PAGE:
Childless by Choice

Writer and filmmaker Jason Headley ( published a poignant essay in about his decision to be childless. Excerpts from his well-considered point of view are presented here, with his permission:

“Picture this: I’m thirty-four years old. I’ve been married four and a half years. I don’t have any children. People ask, ‘When are you guys going to have kids?’ They ask it a lot. It’s just conversation, the sort of thing people

inquire of one another. They ask at dinner parties and at work and, almost without fail, when any children are around. But no one is asking it here. The answer is pretty obvious now.

blog post-- dont reuse

“I had a lot of different ideas of what I might be when I grew up. An astronaut was an early vision before I learned how math can ruin anything. I went through life like everyone does, trying on different ideas of myself and seeing how they fit. I could have been a lawyer, I could have been a musician, I could have gotten a tattoo, I could have lived in Nepal. But I couldn’t have been a dad. Mainly because, in most cases, the first step to becoming something is to think, ‘Hey, I’d like to become that.’ And I just never really had such thoughts about fatherhood.”

“’Why?’ you ask. ’I don’t know,’ I answer. It just always struck me as the kind of thing you should really want to do. It’s not a casual decision that you can openly regret later like, ‘Hey, do you want to eat all these nachos then

go ride the Tilt-A-Whirl?’ Fatherhood has life-long repercussions for at least three lives. Maybe more. (Again, math and I aren’t particularly friendly.)”

“Then a funny thing happened. I fell in love. With my wife, of all people. It had already happened once, so I really wasn’t expecting it. But there it was. We went and foolishly fell in love with one another again. And again. And, hey look there, again. We learned how to be married to each other, an ongoing lesson if ever there is one. This increasing fondness for one another led to greater intimacy. Greater honesty. Then one day, one of us —

and I truly don’t remember who — said it for real: ‘Maybe we don’t have kids.’”

“There isn’t much of a social template for being deliberately, permanently childless in your thirties. People often talk about ‘when you have kids,’ and it’s sort of awkward to correct them, so most of the time we just let i

t go. If it does come up, there can be a lot of questions. I don’t mind that. I’m not the guy with the face tattoo shouting, ‘What are you looking at?!’ Uncommon things evoke inquiry. I get it. But there are several different types of reactions.”

“There are the parents who suddenly get defensive. As though our decision is somehow a judgmental view of parenthood as an institution. It is not. Amy and I are both products of parents. We’re big fans of their work. It’s just that parenthood isn’t for everybody. And we’re part of that ‘not everybody.’ That’s all.”

“There are the people who feel sad for us. They insist that we just don’t know what we’re missing. That’s true. I, as a matter of empirical fact, don’t know what I’m missing. But that shouldn’t make you sad. You love your children wholeheartedly and want us to know that same affection. That’s exactly the kind of all-encompassing lovefest that parenthood should be. I love your love. I just don’t need your sadness. I’m as happy in my decision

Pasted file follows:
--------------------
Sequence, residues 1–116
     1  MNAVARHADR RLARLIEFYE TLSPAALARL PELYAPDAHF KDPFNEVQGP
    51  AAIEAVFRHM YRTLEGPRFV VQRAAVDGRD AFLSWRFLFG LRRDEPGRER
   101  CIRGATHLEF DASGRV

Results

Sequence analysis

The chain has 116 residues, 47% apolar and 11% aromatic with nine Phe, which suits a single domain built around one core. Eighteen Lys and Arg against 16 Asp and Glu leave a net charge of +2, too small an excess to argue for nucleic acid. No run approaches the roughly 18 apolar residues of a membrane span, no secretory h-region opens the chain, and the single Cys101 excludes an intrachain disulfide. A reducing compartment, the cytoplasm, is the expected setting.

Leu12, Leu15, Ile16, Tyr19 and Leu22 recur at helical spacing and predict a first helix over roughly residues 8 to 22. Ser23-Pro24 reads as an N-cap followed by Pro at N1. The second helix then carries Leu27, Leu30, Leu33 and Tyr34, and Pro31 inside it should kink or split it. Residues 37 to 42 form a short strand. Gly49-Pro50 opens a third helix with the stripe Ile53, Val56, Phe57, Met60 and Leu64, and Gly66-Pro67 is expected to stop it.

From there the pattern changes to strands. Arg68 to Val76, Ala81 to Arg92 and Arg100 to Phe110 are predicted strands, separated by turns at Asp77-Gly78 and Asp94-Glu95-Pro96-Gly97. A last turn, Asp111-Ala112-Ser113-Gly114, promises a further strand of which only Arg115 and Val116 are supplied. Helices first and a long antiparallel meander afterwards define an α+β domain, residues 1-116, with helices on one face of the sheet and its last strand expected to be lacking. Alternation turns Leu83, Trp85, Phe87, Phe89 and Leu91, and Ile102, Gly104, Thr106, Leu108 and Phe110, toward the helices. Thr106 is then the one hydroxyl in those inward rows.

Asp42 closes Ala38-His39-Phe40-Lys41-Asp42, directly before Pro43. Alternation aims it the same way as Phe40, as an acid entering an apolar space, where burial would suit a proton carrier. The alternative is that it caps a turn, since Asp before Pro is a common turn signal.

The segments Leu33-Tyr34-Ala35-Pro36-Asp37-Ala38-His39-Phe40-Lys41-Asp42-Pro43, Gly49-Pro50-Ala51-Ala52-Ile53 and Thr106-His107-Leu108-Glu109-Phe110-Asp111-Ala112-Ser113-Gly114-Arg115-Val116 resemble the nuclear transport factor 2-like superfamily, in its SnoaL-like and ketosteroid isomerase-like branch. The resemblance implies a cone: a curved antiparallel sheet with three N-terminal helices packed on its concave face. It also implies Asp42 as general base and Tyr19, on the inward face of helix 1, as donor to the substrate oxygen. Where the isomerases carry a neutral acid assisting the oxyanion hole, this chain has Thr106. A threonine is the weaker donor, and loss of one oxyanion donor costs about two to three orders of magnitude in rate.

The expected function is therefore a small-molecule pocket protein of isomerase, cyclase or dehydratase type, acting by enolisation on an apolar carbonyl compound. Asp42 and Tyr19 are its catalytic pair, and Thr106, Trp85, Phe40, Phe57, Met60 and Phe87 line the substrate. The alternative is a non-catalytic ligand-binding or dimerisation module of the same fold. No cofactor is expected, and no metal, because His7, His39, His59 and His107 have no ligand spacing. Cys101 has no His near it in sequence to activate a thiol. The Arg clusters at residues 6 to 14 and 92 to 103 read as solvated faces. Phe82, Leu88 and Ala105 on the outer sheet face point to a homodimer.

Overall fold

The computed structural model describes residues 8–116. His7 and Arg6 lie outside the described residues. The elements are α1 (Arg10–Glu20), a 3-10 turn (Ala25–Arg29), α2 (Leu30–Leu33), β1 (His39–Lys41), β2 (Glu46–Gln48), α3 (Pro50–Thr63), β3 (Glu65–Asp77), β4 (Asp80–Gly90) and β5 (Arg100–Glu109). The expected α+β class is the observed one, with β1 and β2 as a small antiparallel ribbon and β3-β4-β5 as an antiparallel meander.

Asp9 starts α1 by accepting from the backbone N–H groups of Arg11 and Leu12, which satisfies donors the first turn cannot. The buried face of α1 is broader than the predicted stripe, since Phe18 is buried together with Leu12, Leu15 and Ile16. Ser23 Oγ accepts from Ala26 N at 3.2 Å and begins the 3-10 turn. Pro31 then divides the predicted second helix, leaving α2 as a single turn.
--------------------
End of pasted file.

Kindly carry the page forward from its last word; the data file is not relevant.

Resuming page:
as you are in yours. It’s just that neither of us will ever know what the other’s happiness feels like. But we can still be happy

“There are the people who feel they should pretend that they don’t like their kids. This is entirely unnecessary and based on a misunderstanding. Just because we’re not having kids doesn’t mean we don’t like kids. We have nieces that we adore. If your kid is cute, we’ll go home later and say, ‘Man, that kid was cute!’ Hell, we might say it right to your face. So, it’s okay to act like you like your kids. Unless you just don’t. And that’s a whole bigger thing.”
for each other.”

“There are the people who think we’re going to have kids anyway. They say things like, ‘Oh, well. We’ll see.’ These people are smug.”

“And then there are the people who just seem cool with the whole thing. Not to play favorites, but these are our favorite people. We have a little chat about it, we answer some questions, and then we move on.”

“Luckily, this thing isn’t about other people. It’s about Amy and me. In the years since that nervous, Valium-fueled morning [of the vasectomy], we’ve grown to truly love our lives. It’s not all tickle fights and finishing each other’s sentences. We have days where we’re over the moon for each other, and days where we seem to not be talking for some reason that neither of us can really remember, but we’re fairly certain has something to do with how the dishwasher got loaded, and we’re definitely sure is the other person’s fault. You know. Marriage.”

To read more about Men’s Health and Fatherhood please visit:

To read more from Dr. Turek please visit:

Dr. Paul Turek, Medical Contributor

View posts by Dr. Paul Turek, Medical Contributor
Dr. Paul Turek is an internationally known thought leader in men’s reproductive and sexual health care and research. A fellowship trained, board-certified physician by the American Board of Urology (ABU), he has received numerous honors and awards for his work and is an active member in professional associations worldwide. His recent lectures, publications and book titles can be found in his curriculum vitae.
Scroll to top